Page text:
Chapter 2. COUNTERMOBILITY FUNDAMENTALS. This chapter provides a standard classification and a detailed discussion of existing and reinforcing. Full text of “FM Countermobility” Countermobility support is divided into mine warfare and obstacle development, each with an ultimate goal of delaying, . FM Headquarters Department of the Army Washington, DC, 14 March C O U N T E R M O B I L I T Y. he foundation for engineer doctrine in .

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Effective reinforcement coountermobility existing obstacles also enhances economy of force operations by permitting friendly cluntermobility to concentrate on more trafficable terrain approaches. The exact shape, however, depends on the type of soil found in the area of operations.

Demolitions are commonly used to create reinforcing obstacles. More conventional ways to obtain surprise are also available and should be used. A worst case example would be for air assets to prematurely destroy a bridge that would be a major avenue of approach for a ground counterattack. Prime the charges in each row separately for simultaneous detonation.

In arid regions, dry stream channels maybe preferred avenues for movement during periods of little or no flow. The most efficient ditch is either a rectangular or triangular ditch.

Countermobility on the Battlefield

They should be located within the effective range of friendly direct fire antitank weapons. Log obstacles can be constructed entirely by hand.

Denial should provide for the systematic destruction of key generating plants. A squad can assemble a meter-long triple charge in 1 to 1. The static and dynamic defensive frameworks are the extremes of the spectrum.

The nature and extent of reinforcing obstacles is limited only by the imagination of the commanders or engineers who design them and the soldiers who emplace them. Dust storms and snowstorms have the same effect. Log hurdles can stop tanks on uphill grades. Even if gaps are cleared through the rubble and debris, movement is still canalized. Demolition firing party commander The demolition firing party commander receives orders from the demolition guard commander and is in technical charge of the preparation and firing of the reserve obstacle.


In the threat view, a delay at a major water obstacle can jeopardize the success of an entire offensive operation in conventional combat, and is certain to destroy large forces massed for the crossing during a nuclear war. Vegetation includes not only natural, “wild” vegetation, but also cultivated forests and crops. Entry and exit gradients. Evacuation of material is as much a part of denial operations as destruction and should always be considered first.

The shafts are installed either vertically or at an angle, and each shaft is closed by a steel shaft cover which resembles a sewer manhole cover. Timmerman, commander of A Company, 27th Armored ifantry Battalion, and his soldiers rushed across the bridge.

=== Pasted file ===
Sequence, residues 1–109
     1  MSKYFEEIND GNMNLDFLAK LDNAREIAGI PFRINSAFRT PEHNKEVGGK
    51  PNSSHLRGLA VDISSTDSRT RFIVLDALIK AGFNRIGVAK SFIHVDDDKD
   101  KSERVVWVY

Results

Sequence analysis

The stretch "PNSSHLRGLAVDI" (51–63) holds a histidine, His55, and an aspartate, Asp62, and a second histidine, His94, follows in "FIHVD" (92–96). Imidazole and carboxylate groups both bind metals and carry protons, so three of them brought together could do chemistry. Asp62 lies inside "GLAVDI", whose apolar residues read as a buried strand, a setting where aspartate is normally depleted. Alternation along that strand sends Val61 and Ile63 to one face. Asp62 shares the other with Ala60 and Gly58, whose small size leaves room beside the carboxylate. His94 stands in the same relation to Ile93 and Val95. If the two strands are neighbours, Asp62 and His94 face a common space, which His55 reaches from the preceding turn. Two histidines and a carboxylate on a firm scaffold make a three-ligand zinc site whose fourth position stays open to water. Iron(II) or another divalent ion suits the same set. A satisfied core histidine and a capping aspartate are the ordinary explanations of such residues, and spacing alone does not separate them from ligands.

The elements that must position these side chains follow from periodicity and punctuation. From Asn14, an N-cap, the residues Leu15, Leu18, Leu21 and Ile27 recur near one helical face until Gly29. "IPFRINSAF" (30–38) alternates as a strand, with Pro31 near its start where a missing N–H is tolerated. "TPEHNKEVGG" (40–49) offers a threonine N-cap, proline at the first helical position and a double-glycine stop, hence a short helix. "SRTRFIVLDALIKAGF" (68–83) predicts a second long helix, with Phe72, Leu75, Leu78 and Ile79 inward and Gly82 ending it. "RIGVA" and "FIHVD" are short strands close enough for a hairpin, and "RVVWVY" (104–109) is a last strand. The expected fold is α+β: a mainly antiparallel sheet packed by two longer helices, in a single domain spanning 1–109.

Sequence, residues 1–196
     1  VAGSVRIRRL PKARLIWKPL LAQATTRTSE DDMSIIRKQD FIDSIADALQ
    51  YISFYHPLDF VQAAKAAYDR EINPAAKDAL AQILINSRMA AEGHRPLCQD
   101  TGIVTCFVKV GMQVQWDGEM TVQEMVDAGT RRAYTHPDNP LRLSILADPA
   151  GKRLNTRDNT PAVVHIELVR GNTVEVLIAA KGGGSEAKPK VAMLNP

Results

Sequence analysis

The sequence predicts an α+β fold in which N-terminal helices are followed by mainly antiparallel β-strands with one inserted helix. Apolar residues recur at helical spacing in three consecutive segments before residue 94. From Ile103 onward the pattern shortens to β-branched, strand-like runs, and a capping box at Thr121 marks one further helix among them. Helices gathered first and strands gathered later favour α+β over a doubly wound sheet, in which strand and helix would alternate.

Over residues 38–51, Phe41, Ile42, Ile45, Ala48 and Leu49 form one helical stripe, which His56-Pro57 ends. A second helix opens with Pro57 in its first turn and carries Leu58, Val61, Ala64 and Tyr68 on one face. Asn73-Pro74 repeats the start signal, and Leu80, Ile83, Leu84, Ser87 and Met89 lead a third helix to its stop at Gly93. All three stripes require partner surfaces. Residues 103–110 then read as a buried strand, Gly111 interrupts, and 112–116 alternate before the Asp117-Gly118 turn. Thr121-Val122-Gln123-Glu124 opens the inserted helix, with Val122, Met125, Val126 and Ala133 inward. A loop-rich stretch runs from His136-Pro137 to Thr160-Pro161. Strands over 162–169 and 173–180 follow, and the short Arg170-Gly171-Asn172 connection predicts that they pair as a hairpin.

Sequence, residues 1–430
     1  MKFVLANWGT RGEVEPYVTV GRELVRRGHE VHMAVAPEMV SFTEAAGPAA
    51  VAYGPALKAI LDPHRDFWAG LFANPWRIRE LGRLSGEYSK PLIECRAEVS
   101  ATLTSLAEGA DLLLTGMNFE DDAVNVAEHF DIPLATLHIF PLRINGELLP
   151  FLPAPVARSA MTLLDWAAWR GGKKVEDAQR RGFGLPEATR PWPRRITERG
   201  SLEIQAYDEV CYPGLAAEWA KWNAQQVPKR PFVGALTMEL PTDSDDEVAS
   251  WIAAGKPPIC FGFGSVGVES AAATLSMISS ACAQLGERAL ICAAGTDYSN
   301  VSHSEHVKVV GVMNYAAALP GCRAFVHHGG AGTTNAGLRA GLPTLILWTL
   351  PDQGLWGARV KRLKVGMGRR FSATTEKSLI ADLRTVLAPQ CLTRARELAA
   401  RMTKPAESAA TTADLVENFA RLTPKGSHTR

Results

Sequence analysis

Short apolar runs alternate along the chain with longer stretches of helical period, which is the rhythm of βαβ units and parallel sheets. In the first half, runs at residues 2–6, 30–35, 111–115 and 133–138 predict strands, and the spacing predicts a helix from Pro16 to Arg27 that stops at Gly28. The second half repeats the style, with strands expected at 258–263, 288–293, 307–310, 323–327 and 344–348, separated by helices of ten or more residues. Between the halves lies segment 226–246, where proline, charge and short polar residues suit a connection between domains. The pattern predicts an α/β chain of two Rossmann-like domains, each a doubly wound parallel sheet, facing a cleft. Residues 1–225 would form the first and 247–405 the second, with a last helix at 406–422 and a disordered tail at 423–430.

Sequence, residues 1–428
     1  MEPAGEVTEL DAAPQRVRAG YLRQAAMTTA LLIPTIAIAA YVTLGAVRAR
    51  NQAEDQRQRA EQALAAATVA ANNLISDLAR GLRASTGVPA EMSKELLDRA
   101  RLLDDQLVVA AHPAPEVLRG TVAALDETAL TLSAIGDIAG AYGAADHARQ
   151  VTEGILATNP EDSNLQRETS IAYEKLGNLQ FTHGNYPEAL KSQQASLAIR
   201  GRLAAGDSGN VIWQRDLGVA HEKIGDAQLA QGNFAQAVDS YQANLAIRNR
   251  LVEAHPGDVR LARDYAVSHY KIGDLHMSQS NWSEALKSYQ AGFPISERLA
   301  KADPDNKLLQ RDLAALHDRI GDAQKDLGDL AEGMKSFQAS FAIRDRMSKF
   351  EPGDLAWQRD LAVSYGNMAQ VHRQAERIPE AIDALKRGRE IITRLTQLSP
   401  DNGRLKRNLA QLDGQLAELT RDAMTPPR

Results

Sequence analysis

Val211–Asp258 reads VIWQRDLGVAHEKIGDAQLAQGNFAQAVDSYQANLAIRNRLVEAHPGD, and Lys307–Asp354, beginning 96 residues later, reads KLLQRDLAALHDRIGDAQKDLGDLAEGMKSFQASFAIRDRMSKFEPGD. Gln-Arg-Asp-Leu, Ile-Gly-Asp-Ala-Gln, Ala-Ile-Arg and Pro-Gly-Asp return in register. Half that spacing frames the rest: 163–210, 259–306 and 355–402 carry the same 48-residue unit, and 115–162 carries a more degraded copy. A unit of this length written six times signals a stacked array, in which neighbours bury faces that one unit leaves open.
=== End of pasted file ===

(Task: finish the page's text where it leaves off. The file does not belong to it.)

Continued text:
It is preferable to obtain the earth by digging a shallow ditch in front of the obstacle. The nature of the terrain and location of areas with natural concealment. For example, highway and railway bridges crossing a major unfordable river may be of such strategic importance that a high commander is willing to isolate some troops, perhaps a brigade, on the enemy side of the river rather than to risk capture of the bridge intact.

Because of the large quantities of explosives necessary to destroy such large targets, the galleries are constructed to allow the uninhibited movement of personnel carrying munitions to the chambers. Existing obstacles are already present on the battlefield and not placed there through military effort.


FM Countermobility – Appendix D

The decision on the organization and method adopted is made only countermobiliy a careful analysis of the factors involved, including the adequacy of communications. The ditch must be wide enough to prevent the tank from simply running over it, and narrow enough to force the tank to expose itself to our defense firepower.

Countetmobility is not as effective as the deliberate crater, which will be described later. Topographic maps are useful but some features may not be shown; for example, small gullies.

Full text of “FM Countermobility”

Because of the possible need to recover minefield as the advance progresses, antipersonnel mines are rarely included in an antitank minefield laid in support of offensive operations.

They are detonated according to the instructions in the order. Mines and minefield perform this function as well as killing or destroying enemy counrermobility and personnel. Visibility, climate, weather, and their effects.

On hard-surfaced roads, drill the two rows 12 feet apart. Consider the terrain and assets available, and construct ditches in a pattern that will confuse, present good targets, and force the enemy to use resources to breach.

Pros and cons must both be considered. This antitank orientation of terrain analysis and obstacle development narrows our focus and makes the task more simple. However, such determinations must be made at appropriate levels of command based on the circumstances at the time. Scatterable countermobiliry are reinforcing obstacles emplaced by various delivery systems such as artillery or aircraft. Obstacles are classified as either existing or reinforcing.